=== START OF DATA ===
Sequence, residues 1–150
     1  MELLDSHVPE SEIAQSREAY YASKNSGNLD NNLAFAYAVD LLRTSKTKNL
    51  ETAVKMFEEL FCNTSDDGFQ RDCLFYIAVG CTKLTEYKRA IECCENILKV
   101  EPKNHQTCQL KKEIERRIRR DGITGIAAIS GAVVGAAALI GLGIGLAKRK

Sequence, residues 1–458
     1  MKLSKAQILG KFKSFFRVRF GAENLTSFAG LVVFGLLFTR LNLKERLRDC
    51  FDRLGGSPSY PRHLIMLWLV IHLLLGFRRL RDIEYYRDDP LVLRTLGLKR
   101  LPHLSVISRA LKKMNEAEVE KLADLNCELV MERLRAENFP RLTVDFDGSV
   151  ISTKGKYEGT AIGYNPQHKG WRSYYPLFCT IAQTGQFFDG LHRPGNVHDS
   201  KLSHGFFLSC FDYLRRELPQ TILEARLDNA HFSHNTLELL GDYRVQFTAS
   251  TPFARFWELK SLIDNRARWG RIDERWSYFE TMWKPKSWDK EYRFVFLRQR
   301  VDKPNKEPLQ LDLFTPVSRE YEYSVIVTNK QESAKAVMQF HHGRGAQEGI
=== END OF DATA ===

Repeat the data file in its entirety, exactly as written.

Sequence, residues 1–150
     1  MELLDSHVPE SEIAQSREAY YASKNSGNLD NNLAFAYAVD LLRTSKTKNL
    51  ETAVKMFEEL FCNTSDDGFQ RDCLFYIAVG CTKLTEYKRA IECCENILKV
   101  EPKNHQTCQL KKEIERRIRR DGITGIAAIS GAVVGAAALI GLGIGLAKRK

Sequence, residues 1–458
     1  MKLSKAQILG KFKSFFRVRF GAENLTSFAG LVVFGLLFTR LNLKERLRDC
    51  FDRLGGSPSY PRHLIMLWLV IHLLLGFRRL RDIEYYRDDP LVLRTLGLKR
   101  LPHLSVISRA LKKMNEAEVE KLADLNCELV MERLRAENFP RLTVDFDGSV
   151  ISTKGKYEGT AIGYNPQHKG WRSYYPLFCT IAQTGQFFDG LHRPGNVHDS
   201  KLSHGFFLSC FDYLRRELPQ TILEARLDNA HFSHNTLELL GDYRVQFTAS
   251  TPFARFWELK SLIDNRARWG RIDERWSYFE TMWKPKSWDK EYRFVFLRQR
   301  VDKPNKEPLQ LDLFTPVSRE YEYSVIVTNK QESAKAVMQF HHGRGAQEGI